Angel, by Cliff McNish (2008 Carolrhoda Books, 311pp)
Freya is only eight years old when she meets her first angel--tall, shining, and beautifully winged. But after that one appearance, it never returns, leaving Freya in a state of angel obsession that becomes madness.
Six years later, she is home from the mental hospital, and has carefully built a "normal" identity--she's become "friends" with the beautiful alpha female of her class and her henchwomen. Keeping that place means being unable to be kind to the new girl in class. Stephanie is the archetypal total looser--wrong parents, wrong uniform, no social skills, and an obsession with angels that she unwisely shares with her class. But this obsession creates a bond with Freya, despite Freya's fear of falling back into her madness, and it is to Stephanie that Freya turns when she sees her second angel, dark and terrifying...Until she knows who the angels are, and why she sees them, Freya will never find peace. And until she accepts her own destiny, Freya will not help Stephanie, or her own troubled family.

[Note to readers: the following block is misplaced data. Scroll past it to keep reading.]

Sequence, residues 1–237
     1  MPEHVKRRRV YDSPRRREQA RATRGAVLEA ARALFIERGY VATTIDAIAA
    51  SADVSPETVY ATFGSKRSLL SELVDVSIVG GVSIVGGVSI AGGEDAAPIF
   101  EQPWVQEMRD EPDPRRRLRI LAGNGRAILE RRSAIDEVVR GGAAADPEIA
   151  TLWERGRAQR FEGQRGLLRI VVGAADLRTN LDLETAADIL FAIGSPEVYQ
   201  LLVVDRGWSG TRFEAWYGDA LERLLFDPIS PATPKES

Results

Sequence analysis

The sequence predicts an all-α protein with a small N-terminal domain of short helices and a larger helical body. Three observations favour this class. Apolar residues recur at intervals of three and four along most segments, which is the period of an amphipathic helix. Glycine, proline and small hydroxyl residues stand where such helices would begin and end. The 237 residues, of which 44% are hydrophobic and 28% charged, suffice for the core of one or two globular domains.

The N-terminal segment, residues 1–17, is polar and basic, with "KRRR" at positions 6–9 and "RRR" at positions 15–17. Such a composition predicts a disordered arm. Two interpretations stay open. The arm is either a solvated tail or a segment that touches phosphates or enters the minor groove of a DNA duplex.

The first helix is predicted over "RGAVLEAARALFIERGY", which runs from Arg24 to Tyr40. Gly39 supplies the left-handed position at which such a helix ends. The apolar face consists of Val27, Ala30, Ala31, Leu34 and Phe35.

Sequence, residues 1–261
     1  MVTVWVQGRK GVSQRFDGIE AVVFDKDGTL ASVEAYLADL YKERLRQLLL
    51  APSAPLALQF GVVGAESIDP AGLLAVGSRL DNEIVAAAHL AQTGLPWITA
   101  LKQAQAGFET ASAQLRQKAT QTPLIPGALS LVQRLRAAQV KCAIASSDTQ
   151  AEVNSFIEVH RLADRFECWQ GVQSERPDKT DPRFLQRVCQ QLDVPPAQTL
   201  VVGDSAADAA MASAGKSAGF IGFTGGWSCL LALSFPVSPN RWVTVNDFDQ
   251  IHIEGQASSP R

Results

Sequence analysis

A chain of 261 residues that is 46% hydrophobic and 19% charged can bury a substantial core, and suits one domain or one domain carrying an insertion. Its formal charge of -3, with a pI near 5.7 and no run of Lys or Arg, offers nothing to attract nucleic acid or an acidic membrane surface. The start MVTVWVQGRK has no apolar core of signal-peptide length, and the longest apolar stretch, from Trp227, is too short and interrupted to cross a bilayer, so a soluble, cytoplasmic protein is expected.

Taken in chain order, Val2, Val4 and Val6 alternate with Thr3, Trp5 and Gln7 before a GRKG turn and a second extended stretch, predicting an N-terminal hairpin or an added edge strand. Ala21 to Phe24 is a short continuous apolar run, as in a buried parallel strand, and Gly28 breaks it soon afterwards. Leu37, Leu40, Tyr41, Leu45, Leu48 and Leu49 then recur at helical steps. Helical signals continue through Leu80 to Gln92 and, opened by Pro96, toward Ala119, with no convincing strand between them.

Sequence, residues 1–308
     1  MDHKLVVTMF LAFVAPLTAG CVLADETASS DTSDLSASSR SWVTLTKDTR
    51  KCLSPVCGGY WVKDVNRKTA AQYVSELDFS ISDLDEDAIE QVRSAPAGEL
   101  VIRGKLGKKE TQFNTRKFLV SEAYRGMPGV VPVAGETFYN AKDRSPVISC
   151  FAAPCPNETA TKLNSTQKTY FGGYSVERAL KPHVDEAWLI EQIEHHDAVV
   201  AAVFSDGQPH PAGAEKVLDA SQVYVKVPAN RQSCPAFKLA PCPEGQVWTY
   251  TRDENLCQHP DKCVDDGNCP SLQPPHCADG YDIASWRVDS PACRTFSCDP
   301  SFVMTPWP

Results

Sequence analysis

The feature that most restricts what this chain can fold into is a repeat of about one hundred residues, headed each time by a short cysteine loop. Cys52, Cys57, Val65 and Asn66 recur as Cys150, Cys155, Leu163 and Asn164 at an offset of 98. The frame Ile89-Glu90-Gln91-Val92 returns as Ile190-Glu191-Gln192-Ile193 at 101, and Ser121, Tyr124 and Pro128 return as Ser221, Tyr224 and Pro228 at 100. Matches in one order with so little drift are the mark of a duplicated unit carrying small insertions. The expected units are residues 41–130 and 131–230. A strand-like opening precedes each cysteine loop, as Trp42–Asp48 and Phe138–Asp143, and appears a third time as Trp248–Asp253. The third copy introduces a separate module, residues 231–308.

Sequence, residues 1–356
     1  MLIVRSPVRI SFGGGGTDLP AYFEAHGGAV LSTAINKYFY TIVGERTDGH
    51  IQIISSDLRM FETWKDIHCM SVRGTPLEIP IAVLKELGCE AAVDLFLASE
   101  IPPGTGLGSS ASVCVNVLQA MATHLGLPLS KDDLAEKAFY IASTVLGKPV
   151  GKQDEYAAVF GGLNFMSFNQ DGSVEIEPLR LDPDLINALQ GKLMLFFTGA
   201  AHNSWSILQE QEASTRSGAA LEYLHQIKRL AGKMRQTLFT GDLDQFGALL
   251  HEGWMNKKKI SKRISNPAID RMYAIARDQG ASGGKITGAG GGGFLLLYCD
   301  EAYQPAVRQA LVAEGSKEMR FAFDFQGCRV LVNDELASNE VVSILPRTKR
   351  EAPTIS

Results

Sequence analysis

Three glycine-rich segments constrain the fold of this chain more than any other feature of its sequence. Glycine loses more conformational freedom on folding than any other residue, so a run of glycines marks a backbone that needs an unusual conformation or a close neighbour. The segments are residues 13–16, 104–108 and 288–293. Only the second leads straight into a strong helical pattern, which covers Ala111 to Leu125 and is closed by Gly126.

Spoilerishness--I thought at first this was more young adult than fantasy--part of the plot is the ya standard of nice girl with bitchy friends who must befriend outcast girl. As I read on, and the angels become increasingly real, and increasingly implicated in the action of the mortals, the story became more clearly fantasy. These angels are living beings (although inhuman), and their role on earth is not specifically as a conduit to the divine.
McNish doesn't go much for subtlety in his characterizations--Stephanie, in particular, is so awfully a looser that she seems overdone (was it really necessary, for instance, for her clothes to be quite so horribly wrong?) Plot-wise, however, the interesting intersections of angels and humans make this a page turner, and I found Freya's personal angelic journey fascinating (although I would have liked a bit more explanation).
This book came out in the UK last year--here's its cover over there.
I prefer the US one, because the book really is about Freya, not about angels in general.
And here's what seems to be the paperback cover, making it look like a gothic thriller, which it isn't.
Angel has been nominated for the Cybils Awards in the Science Fiction/Fantasy category.